JUNTOS/TOGETHER: BLACK & BROWN ACTIVISM IN AUSTIN, TEXAS FROM 1970 - 1983
This exhibition is co-sponsored by the FotoATX2018 Festival, the Museums and Cultural Programs Division of Austin Parks and Recreation Department and the Cultural Arts Division of the City of Austin's Economic Development Department.
An Exhibition Co-curated by Alan Garcia & Rachel E. Winston on view at the Carver Museum, Cultural and Genealogy Center from January 9th, 2018 - May 19, 2018.
PUNK NOIR: DAWN OKORO
A selections of monumental works that explore Afro-punk creative expression.
Featuring portaits of black musicians, filmmakers, photogaphers and other creatives -- Punk Noir revels in the divine feminine and masculine energy in her subjects. Through color, pose, and clothing, Okoro conveys a sense of grit, glamor, and grace. This is reincorced by her gestural use of copper to obscure the body and alludes to issues of erasure, self-agency, and resistance. Indeed, Punk Noir offers an alternative to life lived in a black body on stark white canvas. For Okoro, punk has always been black.
Exhibited from March 8, 2018 to July 21, 2018.
A celebration of freedom, the Carver's core exhibit is dedicated to the history and evolution of Juneteenth. We are proud to be the first museum in the nation to feature a permanent exhibit honoring this Texas-born day of jubilee. Through a combination of visual and interactive activities, every day is Juneteenth at the Carver Museum!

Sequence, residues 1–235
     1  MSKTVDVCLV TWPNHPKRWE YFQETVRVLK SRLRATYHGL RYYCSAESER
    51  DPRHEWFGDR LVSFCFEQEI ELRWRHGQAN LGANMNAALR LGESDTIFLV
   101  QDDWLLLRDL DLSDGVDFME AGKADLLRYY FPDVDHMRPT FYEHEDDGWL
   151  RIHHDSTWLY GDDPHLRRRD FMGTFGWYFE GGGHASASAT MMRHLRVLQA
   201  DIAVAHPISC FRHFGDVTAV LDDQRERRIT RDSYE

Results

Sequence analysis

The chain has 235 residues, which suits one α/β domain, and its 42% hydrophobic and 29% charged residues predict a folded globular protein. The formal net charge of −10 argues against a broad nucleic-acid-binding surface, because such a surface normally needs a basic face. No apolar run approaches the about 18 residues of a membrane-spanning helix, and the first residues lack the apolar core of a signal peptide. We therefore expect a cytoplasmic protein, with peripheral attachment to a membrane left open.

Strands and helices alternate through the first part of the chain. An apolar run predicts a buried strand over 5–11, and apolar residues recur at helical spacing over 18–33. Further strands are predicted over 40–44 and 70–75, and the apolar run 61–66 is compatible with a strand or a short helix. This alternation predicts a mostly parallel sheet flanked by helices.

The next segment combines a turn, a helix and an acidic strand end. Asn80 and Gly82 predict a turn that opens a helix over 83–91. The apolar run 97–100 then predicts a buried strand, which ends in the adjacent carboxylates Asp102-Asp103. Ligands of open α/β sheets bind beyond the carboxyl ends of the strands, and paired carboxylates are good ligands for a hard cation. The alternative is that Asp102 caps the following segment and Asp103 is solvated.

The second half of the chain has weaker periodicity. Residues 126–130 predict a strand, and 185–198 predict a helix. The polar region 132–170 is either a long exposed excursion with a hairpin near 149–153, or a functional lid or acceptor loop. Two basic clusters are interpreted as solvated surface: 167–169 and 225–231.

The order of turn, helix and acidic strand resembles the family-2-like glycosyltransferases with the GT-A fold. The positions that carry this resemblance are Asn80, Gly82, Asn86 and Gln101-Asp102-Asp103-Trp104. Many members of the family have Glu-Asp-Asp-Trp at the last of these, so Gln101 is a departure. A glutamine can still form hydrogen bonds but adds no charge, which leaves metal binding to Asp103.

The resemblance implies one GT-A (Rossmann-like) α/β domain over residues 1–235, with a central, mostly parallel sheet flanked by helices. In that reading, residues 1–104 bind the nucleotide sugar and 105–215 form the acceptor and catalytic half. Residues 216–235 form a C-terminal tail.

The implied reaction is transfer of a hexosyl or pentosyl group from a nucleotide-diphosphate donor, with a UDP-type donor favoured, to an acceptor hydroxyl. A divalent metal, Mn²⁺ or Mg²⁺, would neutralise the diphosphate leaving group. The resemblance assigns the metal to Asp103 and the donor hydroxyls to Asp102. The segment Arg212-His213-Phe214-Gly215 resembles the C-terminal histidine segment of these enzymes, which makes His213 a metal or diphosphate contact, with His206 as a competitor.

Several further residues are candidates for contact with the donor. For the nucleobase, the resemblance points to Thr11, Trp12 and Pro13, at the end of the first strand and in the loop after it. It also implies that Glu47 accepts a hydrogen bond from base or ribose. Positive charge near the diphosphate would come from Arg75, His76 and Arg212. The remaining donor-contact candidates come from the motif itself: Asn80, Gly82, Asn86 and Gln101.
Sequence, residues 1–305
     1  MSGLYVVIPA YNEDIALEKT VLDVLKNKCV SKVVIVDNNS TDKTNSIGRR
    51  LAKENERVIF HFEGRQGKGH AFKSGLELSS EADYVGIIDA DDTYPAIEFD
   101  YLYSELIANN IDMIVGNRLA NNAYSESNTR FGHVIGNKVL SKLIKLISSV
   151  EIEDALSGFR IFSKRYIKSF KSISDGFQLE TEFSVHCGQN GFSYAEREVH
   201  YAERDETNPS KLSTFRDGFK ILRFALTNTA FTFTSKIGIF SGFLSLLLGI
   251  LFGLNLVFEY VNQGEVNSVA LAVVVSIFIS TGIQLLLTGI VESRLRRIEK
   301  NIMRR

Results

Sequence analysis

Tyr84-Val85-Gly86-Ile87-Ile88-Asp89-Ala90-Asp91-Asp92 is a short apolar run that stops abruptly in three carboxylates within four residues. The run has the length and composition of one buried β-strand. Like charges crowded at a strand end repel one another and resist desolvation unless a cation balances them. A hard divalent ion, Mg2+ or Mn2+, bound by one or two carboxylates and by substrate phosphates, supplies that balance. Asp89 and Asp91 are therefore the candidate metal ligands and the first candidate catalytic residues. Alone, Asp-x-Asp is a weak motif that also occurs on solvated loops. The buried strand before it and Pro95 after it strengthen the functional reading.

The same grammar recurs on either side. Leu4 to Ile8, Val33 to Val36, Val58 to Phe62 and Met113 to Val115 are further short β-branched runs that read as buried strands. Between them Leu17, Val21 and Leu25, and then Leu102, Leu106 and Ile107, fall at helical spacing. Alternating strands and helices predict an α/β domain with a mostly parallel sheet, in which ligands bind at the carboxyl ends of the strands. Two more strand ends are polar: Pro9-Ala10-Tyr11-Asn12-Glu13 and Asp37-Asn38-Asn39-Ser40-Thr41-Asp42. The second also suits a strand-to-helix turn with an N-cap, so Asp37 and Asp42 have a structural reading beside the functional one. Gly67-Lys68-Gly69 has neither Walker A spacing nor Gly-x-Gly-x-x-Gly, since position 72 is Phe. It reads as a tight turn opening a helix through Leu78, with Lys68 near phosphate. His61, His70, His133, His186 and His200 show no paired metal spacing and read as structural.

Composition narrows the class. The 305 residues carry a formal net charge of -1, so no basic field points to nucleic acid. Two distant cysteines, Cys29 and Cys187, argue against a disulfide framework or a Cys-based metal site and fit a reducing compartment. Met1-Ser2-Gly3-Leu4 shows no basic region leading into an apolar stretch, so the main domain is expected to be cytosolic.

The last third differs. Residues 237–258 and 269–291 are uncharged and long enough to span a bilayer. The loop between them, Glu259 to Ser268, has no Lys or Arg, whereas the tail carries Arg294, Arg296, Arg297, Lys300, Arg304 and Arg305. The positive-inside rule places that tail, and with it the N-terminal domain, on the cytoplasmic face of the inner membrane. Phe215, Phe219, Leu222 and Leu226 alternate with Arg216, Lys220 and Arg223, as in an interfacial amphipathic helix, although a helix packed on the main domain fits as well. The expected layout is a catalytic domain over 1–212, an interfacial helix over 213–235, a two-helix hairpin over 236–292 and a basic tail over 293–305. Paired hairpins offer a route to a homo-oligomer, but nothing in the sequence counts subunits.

Our permanent exhibit on Austin African-American families highlights 10 families who have contributed greatly to the Central Texas landscape. From the area’s first black settlements to some of this generation’s strongest community leaders, this interactive gallery explores the history of Austin’s African-American community and allows guests to present their own family stories for all to see.
The Children’s Gallery, entitled Let’s Pretend Dr. Carver!, is a hands-on look at famous African-American scientists and inventors. Children can learn about some of history’s most creative minds while seeing that they, too, can achieve great things when they put their own minds to work. We invite all visitors to become an inventor for a day!
L.C. ANDERSON HIGH SCHOOL
Our newest permanent exhibit honors Old L.C. Anderson High School and her alumnae. Anderson High School was the school that African Americans went to prior to integration in the Austin Community. This exhibit spotlights the prestige and accomplishments of the student body in sports, music, and academia through artifacts, oral histories, and yearbook imagery.
Juneteenth Memorial Sculpture Monuments
Juneteenth Memorial Sculpture MonumentJuneteenth Memorial Sculpture Monument opened to the public June 27, 2015. It is made up of 5 bronze figures that represent the story of Juneteenth and a paved timeline of the Black Presence in the Americas—from the Middle Passage to the Emancipation Proclamation that leads to the Bell of Freedom. The Juneteenth Sculptures are created by Adrienne Rison Isom and Eddie Dixon. Isom, a native Austinite, created 3 of the sculpture pieces—Freed Man & Freed Woman, and Child (the girl figure). And Dixon created the remaining work—Law Maker and Pastor.